Whether legislation can have a decisive effect on the success, or lack of success, of new developments, is often questioned.
But from examples in Japan, Germany, China and Europe it is clear to see just how critical legislation can be for market development and for the implementation of any technology.
In 1992 Yamaha persuaded the Japanese government that a bike with an electric assist system working in proportion to muscle power could retain its status as a bicycle. Since then there have been over 4.3 million pedelecs sold in Japan, and in 2012 alone 430,000 units. To date Japan has held fast to the rule that motor power must be applied only in proportion to muscle power. That means that pedelecs must be equipped with a precise torque sensor to measure pedalling effort.
>> Sanyo electric bike
>> Yamaha PAS pedelec
At the end of the ‘80s there were rules in Austria which meant that an electric bike, like a horse and cart, could only be ridden with a suitable 10 km/h number plate. From 1990 the national German legislature enacted the ‘light moped’ legislation as a trial, by which an electric moped limited to 20 km/h could be ridden without a helmet. In 1995 the Japanese regulations were taken into German law, so that pedelecs were treated as bicycles so long as a power assist factor of 1 to 1 for human power and electric power was adhered to. Then as part of European harmonization at the start of the 2000s the EPAC (the European term for Electric Power Assisted Cycle) regulations were created with the aim of bringing regulatory clarity across Europe. As part of this, the Japanese rules were taken out of application.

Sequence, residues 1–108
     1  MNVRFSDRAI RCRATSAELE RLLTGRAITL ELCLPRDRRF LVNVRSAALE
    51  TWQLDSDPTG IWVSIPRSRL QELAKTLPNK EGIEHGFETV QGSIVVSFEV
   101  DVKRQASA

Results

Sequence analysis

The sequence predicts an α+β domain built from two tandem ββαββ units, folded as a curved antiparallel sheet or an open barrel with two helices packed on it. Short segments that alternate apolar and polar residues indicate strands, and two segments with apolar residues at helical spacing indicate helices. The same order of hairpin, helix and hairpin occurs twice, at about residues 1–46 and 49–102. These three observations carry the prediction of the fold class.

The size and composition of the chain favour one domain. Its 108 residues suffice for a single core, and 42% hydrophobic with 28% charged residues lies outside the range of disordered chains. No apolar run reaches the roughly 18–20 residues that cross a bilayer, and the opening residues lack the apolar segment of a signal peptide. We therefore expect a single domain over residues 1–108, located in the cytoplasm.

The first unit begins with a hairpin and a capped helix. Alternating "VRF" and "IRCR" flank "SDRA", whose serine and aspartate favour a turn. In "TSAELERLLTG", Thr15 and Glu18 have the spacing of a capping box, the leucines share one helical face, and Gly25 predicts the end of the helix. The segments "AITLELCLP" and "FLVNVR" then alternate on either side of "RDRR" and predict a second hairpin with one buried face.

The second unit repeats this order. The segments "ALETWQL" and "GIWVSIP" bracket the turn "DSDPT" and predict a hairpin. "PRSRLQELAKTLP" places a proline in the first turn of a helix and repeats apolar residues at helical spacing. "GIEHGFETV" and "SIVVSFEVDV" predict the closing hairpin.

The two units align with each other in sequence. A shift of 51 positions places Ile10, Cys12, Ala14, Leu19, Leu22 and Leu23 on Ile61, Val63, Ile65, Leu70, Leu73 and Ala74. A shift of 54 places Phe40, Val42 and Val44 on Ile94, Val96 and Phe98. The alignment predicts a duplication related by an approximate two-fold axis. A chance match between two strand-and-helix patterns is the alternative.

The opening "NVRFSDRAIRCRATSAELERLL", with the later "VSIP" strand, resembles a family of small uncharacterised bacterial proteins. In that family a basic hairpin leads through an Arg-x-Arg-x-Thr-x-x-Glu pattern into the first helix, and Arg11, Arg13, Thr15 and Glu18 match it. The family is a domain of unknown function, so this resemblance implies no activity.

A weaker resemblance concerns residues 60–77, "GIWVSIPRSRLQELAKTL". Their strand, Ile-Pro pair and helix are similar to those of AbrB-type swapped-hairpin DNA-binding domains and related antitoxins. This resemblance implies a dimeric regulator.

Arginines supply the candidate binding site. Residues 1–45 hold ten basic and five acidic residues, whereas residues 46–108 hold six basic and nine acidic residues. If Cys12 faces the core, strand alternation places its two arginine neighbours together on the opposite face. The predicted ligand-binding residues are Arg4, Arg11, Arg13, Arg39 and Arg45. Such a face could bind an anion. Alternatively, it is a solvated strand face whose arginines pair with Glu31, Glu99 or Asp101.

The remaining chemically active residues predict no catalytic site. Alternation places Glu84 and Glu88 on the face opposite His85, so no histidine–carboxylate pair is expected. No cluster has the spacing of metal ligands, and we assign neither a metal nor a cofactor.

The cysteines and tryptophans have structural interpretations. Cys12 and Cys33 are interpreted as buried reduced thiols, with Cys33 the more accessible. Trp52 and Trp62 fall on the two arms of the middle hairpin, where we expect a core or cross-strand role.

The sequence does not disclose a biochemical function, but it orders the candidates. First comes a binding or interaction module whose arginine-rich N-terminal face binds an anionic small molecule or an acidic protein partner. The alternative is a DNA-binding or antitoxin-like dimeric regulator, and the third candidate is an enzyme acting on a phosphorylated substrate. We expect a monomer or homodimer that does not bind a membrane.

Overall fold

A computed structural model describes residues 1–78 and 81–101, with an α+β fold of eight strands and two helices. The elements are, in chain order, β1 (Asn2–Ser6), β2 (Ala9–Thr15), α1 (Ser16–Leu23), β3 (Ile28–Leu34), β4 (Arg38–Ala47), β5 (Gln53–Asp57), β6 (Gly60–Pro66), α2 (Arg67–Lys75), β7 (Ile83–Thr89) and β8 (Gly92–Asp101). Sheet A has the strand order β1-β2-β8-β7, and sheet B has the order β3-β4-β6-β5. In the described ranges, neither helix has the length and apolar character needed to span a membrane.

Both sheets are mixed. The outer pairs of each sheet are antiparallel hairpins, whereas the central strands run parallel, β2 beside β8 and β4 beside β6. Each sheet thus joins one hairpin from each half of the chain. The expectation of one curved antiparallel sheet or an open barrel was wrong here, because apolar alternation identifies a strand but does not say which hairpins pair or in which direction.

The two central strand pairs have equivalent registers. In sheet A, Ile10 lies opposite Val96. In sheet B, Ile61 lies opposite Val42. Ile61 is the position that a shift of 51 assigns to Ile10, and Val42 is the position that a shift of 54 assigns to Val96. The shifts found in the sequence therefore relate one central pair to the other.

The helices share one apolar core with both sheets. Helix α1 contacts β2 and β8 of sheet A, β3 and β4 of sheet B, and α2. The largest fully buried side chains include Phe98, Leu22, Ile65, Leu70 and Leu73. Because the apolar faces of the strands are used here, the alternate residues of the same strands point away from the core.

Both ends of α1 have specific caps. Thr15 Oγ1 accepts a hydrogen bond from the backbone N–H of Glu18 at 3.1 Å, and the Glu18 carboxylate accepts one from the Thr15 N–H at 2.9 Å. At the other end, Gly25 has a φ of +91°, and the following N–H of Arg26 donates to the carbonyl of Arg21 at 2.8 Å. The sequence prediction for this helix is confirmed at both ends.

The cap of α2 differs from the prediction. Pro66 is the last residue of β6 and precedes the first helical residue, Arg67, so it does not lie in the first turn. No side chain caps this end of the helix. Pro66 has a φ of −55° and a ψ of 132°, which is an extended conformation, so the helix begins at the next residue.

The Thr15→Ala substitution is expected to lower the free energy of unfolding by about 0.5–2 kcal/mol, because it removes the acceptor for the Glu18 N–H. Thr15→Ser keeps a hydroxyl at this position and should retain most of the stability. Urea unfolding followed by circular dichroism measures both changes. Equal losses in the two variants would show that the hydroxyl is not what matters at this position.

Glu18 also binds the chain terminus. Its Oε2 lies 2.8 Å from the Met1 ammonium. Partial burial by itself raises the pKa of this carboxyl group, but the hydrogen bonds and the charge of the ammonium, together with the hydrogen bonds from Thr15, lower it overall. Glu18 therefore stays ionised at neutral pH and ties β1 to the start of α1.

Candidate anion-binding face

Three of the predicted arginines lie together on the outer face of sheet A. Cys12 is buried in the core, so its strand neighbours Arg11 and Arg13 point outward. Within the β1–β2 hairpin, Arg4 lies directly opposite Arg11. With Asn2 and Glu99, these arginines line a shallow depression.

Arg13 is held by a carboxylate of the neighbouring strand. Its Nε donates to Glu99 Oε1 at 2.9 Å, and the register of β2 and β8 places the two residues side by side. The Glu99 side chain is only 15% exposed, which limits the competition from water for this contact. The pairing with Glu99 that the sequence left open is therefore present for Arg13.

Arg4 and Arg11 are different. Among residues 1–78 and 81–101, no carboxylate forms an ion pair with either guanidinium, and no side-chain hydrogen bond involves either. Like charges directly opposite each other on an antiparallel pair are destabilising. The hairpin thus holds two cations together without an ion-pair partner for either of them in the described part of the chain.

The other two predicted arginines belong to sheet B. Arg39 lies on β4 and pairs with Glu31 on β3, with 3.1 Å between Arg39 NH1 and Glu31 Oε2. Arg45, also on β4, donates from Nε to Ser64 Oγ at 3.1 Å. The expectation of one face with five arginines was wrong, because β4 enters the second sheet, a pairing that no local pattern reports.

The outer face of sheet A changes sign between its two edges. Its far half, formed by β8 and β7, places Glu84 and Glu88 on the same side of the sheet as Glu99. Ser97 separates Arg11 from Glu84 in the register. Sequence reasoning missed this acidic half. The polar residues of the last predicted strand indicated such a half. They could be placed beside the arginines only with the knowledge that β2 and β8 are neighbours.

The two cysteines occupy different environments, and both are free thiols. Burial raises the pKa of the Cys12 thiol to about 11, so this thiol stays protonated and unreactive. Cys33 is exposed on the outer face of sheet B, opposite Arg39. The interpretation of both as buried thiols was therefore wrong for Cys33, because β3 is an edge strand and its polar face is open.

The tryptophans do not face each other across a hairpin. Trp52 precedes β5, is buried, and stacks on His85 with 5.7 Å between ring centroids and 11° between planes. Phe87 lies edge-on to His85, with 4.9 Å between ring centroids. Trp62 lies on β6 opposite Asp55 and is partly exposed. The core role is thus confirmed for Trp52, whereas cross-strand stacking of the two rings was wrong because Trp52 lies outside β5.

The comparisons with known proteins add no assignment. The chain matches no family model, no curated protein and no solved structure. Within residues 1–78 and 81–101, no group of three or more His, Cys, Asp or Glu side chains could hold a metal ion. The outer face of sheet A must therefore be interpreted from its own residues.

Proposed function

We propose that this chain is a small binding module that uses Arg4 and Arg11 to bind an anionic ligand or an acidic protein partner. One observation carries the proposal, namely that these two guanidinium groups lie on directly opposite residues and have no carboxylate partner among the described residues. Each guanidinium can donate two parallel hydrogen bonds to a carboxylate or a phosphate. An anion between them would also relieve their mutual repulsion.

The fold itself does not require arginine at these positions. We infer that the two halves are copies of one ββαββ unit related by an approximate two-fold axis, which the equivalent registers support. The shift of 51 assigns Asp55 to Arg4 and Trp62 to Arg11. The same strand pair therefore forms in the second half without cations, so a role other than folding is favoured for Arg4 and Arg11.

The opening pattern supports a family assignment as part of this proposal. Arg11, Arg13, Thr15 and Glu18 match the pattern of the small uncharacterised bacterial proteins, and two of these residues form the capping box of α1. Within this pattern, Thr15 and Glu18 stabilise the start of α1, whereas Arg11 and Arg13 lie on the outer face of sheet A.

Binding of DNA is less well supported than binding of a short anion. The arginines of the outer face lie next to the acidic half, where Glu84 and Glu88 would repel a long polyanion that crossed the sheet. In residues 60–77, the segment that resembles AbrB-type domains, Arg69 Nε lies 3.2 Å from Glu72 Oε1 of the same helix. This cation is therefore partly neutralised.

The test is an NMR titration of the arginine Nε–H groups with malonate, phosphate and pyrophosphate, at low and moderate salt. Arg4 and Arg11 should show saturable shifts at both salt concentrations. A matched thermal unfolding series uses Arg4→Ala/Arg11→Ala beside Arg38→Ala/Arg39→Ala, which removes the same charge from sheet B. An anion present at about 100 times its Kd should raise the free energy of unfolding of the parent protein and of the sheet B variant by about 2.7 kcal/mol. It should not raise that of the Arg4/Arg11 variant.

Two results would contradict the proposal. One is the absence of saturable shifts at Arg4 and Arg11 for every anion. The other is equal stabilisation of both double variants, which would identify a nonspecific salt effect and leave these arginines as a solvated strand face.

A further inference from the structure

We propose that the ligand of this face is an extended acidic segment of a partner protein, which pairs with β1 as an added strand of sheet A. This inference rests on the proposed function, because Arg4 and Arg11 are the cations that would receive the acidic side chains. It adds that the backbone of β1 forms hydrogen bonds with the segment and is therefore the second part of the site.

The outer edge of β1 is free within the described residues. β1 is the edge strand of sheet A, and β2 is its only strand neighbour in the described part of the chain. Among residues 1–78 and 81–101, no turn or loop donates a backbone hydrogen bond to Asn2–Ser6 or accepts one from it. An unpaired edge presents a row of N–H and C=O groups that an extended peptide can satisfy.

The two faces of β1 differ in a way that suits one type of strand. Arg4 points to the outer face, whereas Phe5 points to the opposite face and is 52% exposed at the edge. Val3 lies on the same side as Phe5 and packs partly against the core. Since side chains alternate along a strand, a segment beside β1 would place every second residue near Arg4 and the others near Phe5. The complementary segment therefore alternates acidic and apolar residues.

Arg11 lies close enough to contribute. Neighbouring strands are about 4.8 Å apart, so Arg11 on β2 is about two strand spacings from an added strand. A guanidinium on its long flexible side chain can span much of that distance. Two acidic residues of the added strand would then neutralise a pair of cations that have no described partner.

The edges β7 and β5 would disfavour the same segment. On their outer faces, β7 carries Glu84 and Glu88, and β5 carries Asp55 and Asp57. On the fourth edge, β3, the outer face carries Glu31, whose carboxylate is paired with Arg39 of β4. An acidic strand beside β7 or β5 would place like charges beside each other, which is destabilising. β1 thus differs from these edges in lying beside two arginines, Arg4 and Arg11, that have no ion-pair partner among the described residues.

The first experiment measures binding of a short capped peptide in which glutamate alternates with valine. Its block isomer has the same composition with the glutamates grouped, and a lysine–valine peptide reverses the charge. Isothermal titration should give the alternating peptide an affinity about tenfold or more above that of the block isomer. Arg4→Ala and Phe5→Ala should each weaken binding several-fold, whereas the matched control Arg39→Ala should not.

So it is now only mandated by the regulations that the electric assist may only work while the rider is pedalling – but it doesn’t say how hard. This has resulted in electric scooters being sold as pedelecs with tiny stumpy pedals which you just have to move every so often to prevent the electric motor cutting out.
In China electric two wheelers have become a dominant mode of transport in many metropolitan areas as well as in the countrysi-de. In 2011, 33 million electric two wheelers were sold in China. These were almost entirely electric scooters, which are treated le- gally as electric bikes thanks to the presence of pedals when tested. Experts estimate that there are 200 million electric two-wheelers on the road in China. Around the end of the ‘90s the government enforced this huge success in electric mobility through financial incentives: internal combustion engined two wheelers were suddenly hit with high taxes, with the result that these two-wheelers had disappeared from the streets of most cities within three years.
>> Electric bikes in China
Copy: Hannes Neupert, prepared within the EU GoPedelec! project: GoPedelec! Handbook (German version)
Picture: Sanyo, Yamaha, Hannes Neupert
>> Go Pedelec! Handbook in Czech, Dutch, English, Hungarian, and Italian
Translation: Peter Eland (www.electricbikemag.co.uk)
Online release: Angela Budde
7 January 2013